"I couldn't believe my ears and eyes," Sand said. "Here was this highly trained young guy playing truly excellent classical violin on the pier for fun and whatever money that would be put a box in front of him. I tracked him down, asked him to join our company, he said yes and now he is part of our band. We are very happy."

Some of the songs to be performed include some of Weill's best-known songs: "Mack the Knife," "Pirate Jenny" and "Barbara Song" from "Threepenny Opera," which Weill penned with Brecht; "Surabaya Johnny" from "Happy End;" and "Luck Song," also known as "The Insufficiency of Human Behavior." The finale will be "The Alabama Song" from "Mahagonny," also written with Brecht, performed by the entire company.

Sand, who was born in Los Angeles and grew up in Santa Monica and Silverlake (at one time as a teen he actually lived on the pier for a summer with his first girlfriend, Joan Rose, above the carousel). His parents met at a dance on the pier and he took his first steps as a baby on the pier.

Sand has had a long and impressive career on stage and in film and television. At a young age he ran away to Paris, auditioned for and got a job performing with Marcel Marceau's company in Paris.

His first paid job (in dollars) was singing and dancing with Judy Garland in her classic, "We're a Couple of Swells," that toured the west coast. Then he joined The Second City Co. in Chicago. They opened on Broadway and played for a year, which got his foot in the door of show business.

In 1966 he co-starred with Linda Lavin and Jo Ann Worley in the off-Broadway hit production, "The Mad Show," inspired by Mad Magazine.

Five years later, he received a Tony Award for Best Performance by a Featured Actor in a Play for his work on Broadway in "Paul Sill's Story Theatre." That led to the guest role of the Tax man, the boyfriend role in "The Mary Tyler Show," then as the star of the CBS sitcom, "Paul Sand in Friends and Lovers."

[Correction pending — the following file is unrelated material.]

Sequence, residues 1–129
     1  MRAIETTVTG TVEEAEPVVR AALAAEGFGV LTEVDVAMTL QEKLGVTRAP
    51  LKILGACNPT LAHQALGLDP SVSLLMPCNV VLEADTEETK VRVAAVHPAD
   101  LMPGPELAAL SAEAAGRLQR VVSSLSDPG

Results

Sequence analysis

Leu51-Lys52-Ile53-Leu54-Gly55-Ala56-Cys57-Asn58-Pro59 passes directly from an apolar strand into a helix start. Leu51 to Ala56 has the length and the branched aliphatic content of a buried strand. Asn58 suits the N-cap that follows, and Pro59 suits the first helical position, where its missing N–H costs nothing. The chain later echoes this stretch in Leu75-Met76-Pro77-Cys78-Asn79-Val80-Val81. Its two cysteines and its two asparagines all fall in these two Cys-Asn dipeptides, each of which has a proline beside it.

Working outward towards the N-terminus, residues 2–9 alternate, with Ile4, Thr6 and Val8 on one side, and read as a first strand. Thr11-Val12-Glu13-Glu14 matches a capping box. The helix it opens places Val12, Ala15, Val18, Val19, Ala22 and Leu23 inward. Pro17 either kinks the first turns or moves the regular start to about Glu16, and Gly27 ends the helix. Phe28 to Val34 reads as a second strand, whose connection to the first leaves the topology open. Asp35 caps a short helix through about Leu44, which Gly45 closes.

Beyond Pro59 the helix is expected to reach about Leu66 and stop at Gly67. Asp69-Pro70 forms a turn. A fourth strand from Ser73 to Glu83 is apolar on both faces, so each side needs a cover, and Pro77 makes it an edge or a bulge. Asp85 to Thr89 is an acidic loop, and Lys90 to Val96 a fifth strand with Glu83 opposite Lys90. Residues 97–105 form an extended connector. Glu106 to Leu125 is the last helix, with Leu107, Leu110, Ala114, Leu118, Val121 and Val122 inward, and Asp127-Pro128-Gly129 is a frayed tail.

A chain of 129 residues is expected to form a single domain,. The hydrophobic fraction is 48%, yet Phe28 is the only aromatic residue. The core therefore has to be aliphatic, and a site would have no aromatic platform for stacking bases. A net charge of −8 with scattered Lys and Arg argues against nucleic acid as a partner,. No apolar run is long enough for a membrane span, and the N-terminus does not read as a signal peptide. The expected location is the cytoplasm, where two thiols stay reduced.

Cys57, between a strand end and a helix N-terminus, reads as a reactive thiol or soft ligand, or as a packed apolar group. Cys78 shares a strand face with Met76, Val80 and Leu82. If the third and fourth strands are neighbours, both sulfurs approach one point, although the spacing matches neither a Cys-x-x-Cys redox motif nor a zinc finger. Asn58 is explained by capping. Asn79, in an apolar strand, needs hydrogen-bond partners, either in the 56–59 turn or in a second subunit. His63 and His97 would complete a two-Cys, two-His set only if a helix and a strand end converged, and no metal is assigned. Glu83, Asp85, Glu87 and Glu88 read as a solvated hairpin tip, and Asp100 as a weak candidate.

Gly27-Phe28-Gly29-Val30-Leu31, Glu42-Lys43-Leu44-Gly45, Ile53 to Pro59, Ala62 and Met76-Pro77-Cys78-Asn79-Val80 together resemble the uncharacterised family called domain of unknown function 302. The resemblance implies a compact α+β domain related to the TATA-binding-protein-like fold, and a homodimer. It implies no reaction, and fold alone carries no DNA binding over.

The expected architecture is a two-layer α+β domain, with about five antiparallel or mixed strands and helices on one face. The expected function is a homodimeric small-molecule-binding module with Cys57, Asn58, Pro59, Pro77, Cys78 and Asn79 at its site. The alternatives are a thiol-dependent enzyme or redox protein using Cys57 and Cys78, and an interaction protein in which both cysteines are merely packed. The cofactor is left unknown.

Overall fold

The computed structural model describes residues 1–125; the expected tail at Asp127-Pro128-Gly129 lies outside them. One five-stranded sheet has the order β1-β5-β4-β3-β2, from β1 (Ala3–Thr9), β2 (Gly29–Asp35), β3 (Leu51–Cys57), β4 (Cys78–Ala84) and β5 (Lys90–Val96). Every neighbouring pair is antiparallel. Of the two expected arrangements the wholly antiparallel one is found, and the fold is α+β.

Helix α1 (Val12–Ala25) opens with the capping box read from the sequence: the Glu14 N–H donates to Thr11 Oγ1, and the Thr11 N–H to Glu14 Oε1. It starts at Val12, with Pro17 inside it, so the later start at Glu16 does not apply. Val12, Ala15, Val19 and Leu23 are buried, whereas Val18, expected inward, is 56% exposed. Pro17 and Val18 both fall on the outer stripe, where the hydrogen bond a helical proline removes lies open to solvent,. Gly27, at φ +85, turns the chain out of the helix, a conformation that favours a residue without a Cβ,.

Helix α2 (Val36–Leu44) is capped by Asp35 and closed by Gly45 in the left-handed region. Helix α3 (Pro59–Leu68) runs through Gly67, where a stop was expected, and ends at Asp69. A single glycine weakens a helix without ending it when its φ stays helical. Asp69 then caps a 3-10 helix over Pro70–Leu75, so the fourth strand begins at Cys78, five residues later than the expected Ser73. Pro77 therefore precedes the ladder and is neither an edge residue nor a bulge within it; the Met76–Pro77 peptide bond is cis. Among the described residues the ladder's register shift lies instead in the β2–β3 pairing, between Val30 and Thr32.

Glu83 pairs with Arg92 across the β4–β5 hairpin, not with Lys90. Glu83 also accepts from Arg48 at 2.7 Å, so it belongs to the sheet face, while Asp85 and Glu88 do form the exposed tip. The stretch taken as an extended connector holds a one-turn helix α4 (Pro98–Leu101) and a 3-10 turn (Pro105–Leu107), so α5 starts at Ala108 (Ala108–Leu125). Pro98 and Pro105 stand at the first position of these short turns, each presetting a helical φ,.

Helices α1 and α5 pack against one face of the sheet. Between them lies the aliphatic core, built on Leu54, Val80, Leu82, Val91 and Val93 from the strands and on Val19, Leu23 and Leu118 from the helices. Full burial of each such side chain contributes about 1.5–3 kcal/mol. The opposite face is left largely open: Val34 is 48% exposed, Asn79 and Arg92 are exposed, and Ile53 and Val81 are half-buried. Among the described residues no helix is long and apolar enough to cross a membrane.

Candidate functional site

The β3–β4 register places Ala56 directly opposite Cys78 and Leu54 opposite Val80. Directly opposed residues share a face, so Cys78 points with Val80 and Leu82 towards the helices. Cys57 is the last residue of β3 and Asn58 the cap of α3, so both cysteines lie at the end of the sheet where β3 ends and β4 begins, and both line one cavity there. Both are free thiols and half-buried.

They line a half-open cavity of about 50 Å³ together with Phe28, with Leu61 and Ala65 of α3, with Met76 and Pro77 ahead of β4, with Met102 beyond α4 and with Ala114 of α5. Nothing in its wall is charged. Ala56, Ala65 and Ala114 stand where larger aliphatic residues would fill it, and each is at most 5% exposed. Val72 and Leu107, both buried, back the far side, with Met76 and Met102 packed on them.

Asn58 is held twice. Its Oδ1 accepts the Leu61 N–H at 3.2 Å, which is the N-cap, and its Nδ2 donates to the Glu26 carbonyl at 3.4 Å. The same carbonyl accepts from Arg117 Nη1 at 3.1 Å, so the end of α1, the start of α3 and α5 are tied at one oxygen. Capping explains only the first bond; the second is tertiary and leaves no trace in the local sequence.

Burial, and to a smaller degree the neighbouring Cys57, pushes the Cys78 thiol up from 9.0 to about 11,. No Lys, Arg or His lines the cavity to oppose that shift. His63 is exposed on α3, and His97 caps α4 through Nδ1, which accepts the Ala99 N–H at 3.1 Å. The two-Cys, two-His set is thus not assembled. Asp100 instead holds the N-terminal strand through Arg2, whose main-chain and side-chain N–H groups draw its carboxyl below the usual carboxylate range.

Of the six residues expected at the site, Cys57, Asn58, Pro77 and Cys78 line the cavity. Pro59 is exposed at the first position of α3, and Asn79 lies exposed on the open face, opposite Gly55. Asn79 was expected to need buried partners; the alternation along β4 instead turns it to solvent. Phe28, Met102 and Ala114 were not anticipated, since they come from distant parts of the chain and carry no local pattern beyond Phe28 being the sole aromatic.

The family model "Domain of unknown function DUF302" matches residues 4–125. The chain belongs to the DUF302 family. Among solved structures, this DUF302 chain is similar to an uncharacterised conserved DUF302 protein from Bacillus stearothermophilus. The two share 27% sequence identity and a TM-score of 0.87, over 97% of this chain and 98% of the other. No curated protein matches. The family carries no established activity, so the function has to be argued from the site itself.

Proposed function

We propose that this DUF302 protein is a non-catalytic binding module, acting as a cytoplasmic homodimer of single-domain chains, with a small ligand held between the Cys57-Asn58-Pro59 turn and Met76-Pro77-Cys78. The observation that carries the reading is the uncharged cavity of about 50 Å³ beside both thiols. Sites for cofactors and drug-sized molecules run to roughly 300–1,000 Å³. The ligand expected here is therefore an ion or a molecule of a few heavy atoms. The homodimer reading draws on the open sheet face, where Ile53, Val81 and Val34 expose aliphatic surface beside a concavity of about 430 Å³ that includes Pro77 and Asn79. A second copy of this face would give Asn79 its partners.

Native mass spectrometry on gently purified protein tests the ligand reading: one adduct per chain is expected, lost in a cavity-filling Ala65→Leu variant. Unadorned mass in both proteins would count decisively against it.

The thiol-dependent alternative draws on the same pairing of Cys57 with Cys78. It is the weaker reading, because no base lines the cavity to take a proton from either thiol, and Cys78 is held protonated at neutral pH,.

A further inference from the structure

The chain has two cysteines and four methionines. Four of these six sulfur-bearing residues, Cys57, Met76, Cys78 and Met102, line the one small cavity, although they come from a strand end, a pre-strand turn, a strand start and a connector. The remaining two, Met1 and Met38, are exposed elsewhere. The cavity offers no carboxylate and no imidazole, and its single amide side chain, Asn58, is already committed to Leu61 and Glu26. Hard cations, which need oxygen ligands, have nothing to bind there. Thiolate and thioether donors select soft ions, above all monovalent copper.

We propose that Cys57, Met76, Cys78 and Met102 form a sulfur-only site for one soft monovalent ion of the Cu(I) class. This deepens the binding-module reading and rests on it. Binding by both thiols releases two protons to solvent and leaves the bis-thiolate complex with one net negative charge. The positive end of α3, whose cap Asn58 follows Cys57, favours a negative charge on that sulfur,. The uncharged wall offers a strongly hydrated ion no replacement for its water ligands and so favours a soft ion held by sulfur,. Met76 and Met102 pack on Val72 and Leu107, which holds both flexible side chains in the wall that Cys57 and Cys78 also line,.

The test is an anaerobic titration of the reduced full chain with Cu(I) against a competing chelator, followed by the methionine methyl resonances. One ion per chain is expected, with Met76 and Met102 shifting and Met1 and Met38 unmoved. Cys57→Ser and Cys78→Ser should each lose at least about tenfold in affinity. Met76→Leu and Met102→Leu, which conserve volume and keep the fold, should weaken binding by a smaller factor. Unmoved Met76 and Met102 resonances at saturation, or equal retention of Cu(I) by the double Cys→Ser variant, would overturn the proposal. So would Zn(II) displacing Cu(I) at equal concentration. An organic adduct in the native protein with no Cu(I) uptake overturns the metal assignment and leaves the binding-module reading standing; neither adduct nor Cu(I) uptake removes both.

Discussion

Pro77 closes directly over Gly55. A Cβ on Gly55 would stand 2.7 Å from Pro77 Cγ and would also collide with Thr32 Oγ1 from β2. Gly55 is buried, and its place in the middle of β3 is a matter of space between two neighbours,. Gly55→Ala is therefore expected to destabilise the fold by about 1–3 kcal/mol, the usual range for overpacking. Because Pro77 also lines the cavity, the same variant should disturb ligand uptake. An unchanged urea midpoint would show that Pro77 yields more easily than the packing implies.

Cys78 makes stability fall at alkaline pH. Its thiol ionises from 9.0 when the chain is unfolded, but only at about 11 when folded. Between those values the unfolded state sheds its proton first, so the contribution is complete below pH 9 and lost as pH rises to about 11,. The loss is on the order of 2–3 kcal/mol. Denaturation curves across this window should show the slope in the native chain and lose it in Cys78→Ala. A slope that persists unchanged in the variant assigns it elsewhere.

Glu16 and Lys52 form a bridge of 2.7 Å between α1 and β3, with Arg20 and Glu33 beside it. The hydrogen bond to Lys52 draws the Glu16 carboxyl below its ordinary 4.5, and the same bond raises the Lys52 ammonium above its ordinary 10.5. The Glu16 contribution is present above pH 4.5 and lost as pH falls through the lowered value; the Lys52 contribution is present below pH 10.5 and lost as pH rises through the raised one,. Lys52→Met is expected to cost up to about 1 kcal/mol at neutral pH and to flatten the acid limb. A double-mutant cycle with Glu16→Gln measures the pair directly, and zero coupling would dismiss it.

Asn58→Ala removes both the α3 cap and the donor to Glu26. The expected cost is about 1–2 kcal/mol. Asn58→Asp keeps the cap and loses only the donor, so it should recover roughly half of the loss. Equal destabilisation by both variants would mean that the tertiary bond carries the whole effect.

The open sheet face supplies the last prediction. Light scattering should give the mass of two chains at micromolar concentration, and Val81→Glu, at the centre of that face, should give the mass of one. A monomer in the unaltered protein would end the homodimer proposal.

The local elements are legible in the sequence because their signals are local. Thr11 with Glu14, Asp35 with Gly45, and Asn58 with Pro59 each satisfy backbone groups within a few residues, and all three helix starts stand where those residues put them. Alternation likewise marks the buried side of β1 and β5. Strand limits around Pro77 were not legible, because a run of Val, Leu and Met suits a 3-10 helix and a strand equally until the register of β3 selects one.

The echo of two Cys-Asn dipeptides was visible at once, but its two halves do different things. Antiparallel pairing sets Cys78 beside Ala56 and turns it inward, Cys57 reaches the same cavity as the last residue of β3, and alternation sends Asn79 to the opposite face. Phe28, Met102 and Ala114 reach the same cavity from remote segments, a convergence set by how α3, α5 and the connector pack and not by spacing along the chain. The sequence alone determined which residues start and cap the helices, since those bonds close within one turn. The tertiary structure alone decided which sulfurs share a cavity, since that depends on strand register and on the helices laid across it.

"After that I spent years being everybody's boyfriend, from Mary Tyler Moore to Carol Burnett to all the brilliant funny ladies," he said.

He has appeared in dozens of television shows and a few movies dating back to the 1980s, including "Taxi," St. Elsewhere," "The X Files" and "Curb Your Enthusiasm."

"In the beginning I did everything in my career by intuition and had all these great adventures and met and worked with amazing people. Now I'm back using my intuition again and having yet another great time in my career." I have several productions in mind for our theaters future.

Sand has clear ideas of the ambience he wants to create in the new theater. He has hired well-known artist Marie Lalanne to paint dazzling murals on canvas that will be hung on the exterior and interior of the theatre. There will be a hotel sign outside featuring a red cuttlefish, and perhaps a musician from the band will playing on the deck just outside the theater before the show leading the audience - drinks in hand, if they so wish - into the "cabaret".

"I want to make it a hypnotic show," he said. "I want to get them under the spell of this show and keep them there all the way home."